The surgery will be performed Monday in Houston by Rockets team doctor Tom Clanton. The team announced the All-Star center's injury on Tuesday and said he would get a second opinion before deciding whether to have the surgery.
Clanton said last week that the surgery would involve placing screws across the bone to hold it together with a recovery time of about four months. The second option was to treat it with a cast and crutches.
Clanton also said last week that he doesn't expect the injury to keep Yao from playing for China in the Olympics in Beijing in August.
ESPN's Ric Bucher reported on Sunday that Yao could be released on Tuesday and could be running in a pool as soon as soon as two weeks after surgery.
Yao said that if the fracture had not been discovered he may have suffered a complete break and missed an entire year.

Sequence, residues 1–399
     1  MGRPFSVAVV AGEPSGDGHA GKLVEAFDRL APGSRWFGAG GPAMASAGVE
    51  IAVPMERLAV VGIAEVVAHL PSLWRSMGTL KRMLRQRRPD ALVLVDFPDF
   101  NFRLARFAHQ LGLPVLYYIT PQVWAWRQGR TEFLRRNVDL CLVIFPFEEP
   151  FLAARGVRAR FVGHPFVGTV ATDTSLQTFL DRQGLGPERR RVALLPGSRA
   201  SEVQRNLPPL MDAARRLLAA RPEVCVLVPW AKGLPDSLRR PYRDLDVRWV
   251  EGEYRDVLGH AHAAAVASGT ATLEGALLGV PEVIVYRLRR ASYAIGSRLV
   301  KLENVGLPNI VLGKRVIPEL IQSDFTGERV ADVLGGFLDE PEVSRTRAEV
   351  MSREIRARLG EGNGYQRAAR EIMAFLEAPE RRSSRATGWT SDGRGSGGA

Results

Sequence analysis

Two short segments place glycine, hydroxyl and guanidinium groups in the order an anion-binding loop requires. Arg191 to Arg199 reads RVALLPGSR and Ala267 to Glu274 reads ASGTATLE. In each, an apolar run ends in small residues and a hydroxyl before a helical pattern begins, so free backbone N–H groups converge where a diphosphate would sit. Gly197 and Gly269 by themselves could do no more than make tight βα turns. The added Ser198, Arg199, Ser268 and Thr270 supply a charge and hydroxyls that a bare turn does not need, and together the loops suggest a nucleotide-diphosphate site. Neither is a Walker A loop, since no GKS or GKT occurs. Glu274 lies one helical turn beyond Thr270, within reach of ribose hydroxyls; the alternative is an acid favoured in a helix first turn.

The Rockets have won 14 straight games, including the two since Yao has been injured.
Yao was averaging 22 points and 10.8 rebounds this season.
"[Yao] believes those two months [of recovery time] are enough time to
recover," his Chinese agent Zhang Mingji said in an interview with the
"I believe that by the Olympics, Yao Ming will have
recovered 100 percent," Zhang added.
China's Olympic basketball medal hopes are pinned on Yao.
Zhang dismissed suggestions that Yao's injury was a result
of playing too many games.
"His bone fracture is not because he was played too much,
it's a problem that arose because of the structure of his foot,"
Zhang said, explaining that Yao had high arches.
Bucher also reports that Yao has been told by team doctors to reduce his extensive training regimen.
The 27-year-old is China's most popular sportsman and is a
leading candidate to fulfill the prestigious role of lighting the
cauldron at the opening ceremony of the Summer Olympics.
The Associated Press and Reuters contributed to this report.